we have dedicated a separate post to Gerald Genta that you must check out.


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Different Configurations of the Royal Oak

As we have mentioned before, the Royal Oak has a variety of different complications. But it's not just complications, the watch comes in all sorts of variations.  

When the Royal Oak first came on the market, it was only available in stainless steel. But it didn't take long for the watch to become available in yellow gold, rose gold, as well as white gold or, in some rare cases, even platinum and titanium.

Besides the case material, the dial comes in different colors too. There's even a frosted case that gives the watch a very sparkly look.  

At the same time, there are some variations of the Royal Oak with a skeletonized dial, diamond-set bezels, some with a glass bottom, and even an extra-thin variant.

But there's more, with the Offshore Royal Oak, you get a watch that is slightly bigger, with a case diameter of 42 millimeters and a rubber band instead of a metal bracelet, it looks a bit more chunky.

As you can see, options for the Royal Oak are almost limitless. 

Price Development of the Royal Oak

The flagship of Audemars Piguet is by no means a poor investment. This has been evidenced over the past few years, where we have observed a significant price increase.

The classic Royal Oak in stainless steel, featuring only the date complication, currently has a list price of 24,800 euros. However, on the gray market, the watch regularly sells for up to 40,000 euros.  

This is merely one example of a massive increase in value. If a basic model, such as the one mentioned above, performs so well, consider the potential of all the special editions. For instance, the Royal Oak with a purple dial (Ref. 26240BC.OO.1320BC.01) trades for many times its list price.  

One thing is clear: the Royal Oak has one of the best price developments on the market. But there's a catch – it may be even more challenging to get on the waiting list for the Royal Oak than it is to get on the Waitinglist for a Rolex.


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Facts No One Knows About the Royal Oak

There are countless facts about the Royal Oak. Let's take a look at a few interesting ones to round off the article.  

Did you know Audemars Piguet makes its prototype watches from white gold instead of stainless steel? This is because the gold alloy is easier to work with when handled by hand.

As it turns out, shaping the stainless steel in the desired way was so difficult that it was cheaper to develop the Royal Oak in white gold. Ironically, white gold costs almost a thousand times as much as stainless steel, yet it was still easier and cheaper to use for prototyping. This further emphasizes the uniqueness of the Royal Oak.

Another intriguing fact is that the design of the watch was supposedly completed in under 24 hours. Audemars asked Gérald Genta to design a new sports watch to display at the Baselworld watch fair. After a few initial sketches, Genta designed the watch overnight – or so the legend goes.

One fact that Audemars rarely discusses is how the Royal Oak saved the company from bankruptcy.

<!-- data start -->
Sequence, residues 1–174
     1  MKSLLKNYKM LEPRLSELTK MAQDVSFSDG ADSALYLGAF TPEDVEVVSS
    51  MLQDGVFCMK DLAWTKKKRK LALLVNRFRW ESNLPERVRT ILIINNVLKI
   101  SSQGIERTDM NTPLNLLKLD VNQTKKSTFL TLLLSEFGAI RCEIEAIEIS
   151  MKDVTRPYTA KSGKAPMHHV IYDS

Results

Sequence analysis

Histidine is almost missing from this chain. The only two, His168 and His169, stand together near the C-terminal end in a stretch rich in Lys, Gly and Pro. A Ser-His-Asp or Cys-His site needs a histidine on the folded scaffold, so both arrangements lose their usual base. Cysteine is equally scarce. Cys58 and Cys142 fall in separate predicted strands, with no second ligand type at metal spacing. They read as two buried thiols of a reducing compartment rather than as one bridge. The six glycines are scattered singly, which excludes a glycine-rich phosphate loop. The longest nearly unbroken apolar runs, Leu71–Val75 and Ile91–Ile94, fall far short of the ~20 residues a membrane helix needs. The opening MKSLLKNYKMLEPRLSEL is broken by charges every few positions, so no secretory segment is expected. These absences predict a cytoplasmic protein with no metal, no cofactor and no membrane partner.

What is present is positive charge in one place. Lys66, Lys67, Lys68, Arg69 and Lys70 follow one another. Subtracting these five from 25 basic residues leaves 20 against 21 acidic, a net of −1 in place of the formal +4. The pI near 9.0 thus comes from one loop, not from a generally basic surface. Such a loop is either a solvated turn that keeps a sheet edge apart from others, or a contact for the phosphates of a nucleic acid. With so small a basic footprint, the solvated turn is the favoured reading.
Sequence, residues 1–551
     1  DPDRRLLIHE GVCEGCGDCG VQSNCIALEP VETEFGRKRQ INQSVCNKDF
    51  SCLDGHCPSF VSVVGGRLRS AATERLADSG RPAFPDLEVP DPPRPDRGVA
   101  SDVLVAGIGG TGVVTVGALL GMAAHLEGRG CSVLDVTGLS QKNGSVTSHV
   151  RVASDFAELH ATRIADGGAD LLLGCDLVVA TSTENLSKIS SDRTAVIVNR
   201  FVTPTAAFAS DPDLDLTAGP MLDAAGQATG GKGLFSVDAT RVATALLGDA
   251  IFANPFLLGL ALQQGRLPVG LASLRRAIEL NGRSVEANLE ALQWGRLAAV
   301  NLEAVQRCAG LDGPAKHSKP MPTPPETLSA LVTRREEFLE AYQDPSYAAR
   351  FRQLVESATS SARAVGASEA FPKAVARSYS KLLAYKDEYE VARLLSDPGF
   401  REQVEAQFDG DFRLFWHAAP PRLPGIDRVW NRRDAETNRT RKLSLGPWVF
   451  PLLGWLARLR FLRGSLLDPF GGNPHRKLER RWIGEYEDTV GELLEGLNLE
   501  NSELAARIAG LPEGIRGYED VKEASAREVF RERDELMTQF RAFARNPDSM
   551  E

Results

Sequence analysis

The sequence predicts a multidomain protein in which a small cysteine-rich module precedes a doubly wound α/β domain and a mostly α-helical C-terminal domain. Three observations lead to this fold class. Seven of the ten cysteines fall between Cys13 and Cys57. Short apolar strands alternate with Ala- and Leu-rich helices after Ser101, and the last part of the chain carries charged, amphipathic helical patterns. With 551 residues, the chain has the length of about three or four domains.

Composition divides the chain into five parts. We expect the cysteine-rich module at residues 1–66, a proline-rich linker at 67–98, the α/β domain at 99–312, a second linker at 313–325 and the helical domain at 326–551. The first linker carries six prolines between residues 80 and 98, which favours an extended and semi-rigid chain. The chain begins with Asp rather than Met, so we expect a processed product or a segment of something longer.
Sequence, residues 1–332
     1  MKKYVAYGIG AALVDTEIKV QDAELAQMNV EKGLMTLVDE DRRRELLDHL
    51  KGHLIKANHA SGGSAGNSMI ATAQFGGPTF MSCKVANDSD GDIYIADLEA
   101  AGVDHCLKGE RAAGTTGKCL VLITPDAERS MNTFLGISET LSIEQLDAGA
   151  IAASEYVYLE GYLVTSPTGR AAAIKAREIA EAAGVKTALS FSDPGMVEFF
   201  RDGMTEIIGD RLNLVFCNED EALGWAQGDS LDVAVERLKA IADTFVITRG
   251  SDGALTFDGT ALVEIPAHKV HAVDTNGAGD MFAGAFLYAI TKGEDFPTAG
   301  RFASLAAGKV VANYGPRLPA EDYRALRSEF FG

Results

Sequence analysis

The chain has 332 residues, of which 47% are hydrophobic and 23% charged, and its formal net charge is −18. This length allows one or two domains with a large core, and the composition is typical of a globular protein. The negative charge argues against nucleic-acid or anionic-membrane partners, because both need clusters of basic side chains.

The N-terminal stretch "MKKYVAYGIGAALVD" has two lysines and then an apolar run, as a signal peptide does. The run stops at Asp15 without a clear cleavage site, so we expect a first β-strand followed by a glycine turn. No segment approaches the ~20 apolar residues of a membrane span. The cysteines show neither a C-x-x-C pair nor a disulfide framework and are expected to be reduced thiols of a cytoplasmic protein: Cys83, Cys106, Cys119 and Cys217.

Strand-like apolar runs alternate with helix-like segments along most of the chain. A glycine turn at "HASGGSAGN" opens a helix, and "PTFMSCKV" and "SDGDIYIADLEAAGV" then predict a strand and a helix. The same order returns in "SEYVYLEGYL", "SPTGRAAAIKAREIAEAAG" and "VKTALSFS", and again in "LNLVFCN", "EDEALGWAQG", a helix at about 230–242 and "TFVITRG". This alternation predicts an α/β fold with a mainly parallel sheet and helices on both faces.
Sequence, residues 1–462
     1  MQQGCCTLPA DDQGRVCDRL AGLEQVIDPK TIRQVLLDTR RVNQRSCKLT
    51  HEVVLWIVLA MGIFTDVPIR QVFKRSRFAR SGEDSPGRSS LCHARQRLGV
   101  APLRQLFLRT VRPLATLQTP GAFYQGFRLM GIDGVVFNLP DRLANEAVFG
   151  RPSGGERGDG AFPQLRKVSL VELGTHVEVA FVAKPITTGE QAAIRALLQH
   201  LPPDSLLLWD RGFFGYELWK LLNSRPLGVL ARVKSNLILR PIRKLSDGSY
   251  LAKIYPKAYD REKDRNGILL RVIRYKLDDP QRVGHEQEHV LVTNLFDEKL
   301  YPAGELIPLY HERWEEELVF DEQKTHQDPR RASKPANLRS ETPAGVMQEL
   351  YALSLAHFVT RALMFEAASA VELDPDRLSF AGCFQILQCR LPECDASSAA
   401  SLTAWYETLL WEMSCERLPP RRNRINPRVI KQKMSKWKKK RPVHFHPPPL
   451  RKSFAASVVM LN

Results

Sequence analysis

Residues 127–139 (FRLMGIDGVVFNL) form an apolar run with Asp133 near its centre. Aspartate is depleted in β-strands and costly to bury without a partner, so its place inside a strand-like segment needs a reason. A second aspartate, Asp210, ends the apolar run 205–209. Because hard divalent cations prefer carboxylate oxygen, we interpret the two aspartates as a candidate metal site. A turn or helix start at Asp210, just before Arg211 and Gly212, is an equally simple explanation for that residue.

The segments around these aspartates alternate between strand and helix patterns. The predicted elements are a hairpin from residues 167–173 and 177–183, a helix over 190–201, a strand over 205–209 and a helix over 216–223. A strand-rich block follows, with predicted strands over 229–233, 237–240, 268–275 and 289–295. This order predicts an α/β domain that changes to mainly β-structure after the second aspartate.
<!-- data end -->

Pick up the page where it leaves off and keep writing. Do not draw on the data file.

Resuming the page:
Like every other Swiss watch manufacturer, AP had to navigate the quartz crisis. During this time, the market was flooded with inexpensive quartz watches.

Quartz watches offered significant advantages: they were much more precise and far cheaper. For these reasons, demand for mechanical watches plummeted to nearly zero within weeks. 

Audemars Piguet had to entice customers with a new, innovative wristwatch, and the Royal Oak did exactly that.  

Thanks to its innovative and unique design, coupled with magnificent craftsmanship, the Royal Oak reignited interest in mechanical watches. If not for the Royal Oak, Audemars Piguet may not have survived the quartz crisis.

The first customer of this watch was none other than the Shah of Iran, Mohammad Reza Pahlavi. 

Die royal Oak war schlicht und ergreifend, ein stimmiges Gesamtkonzept, was sich vor allem über die Jahre gegen die Quarzuhren durchsetzen konnte.  


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Conclusion - the Royal Oak is a rather complete watch

In many ways, the Royal Oak is a very special watch with a unique and iconic design. But it's not just about the design and technology – the history, status, and image this watch enjoys are also significant.  

If you're looking for a distinct watch, the Royal Oak fits the bill. Besides the unique design, you'll find so many variations that you're sure to find the perfect watch for you – assuming you have the necessary funds. 

We believe the Royal Oak is a very special watch, particularly with the seamless transition between the case and the bracelet – a signature of Gérald Genta's design – which creates a harmonious aesthetic. Combined with the industrial look, the octagonal bezel, and the various complications available, the Royal Oak represents a perfectly balanced mix of different aspects.  

The fact that this watch has been bought by countless customers for almost 50 years proves its iconic status – and we aren't the only ones who think so.  

So, to answer the question posed in the title, is the Royal Oak a Rolex killer?  

The Royal Oak is already in a class of its own. It is Audemars Piguet's most famous watch, making it unmistakable. What sets the Royal Oak apart is the fundamental design available in so many different variations.  

Rolex, for example, doesn't have a watch with so many different complications.  

Moreover, watches from Audemars are far more expensive. The list price of a stainless steel Royal Oak is almost three times the price of a basic Datejust..  

We believe Audemars can coexist with Rolex without any problem. After all, the two brands undoubtedly appeal to different target groups.

Scource cover image: Unsplash


About the author

Autor bei Gentleman-watches

Alexander Weinberger

For me, the most fascinating thing about watches is the interplay between precise craftsmanship and artistic development. In a watch movement, hundreds of small parts have to be put together precisely so that they form a large whole.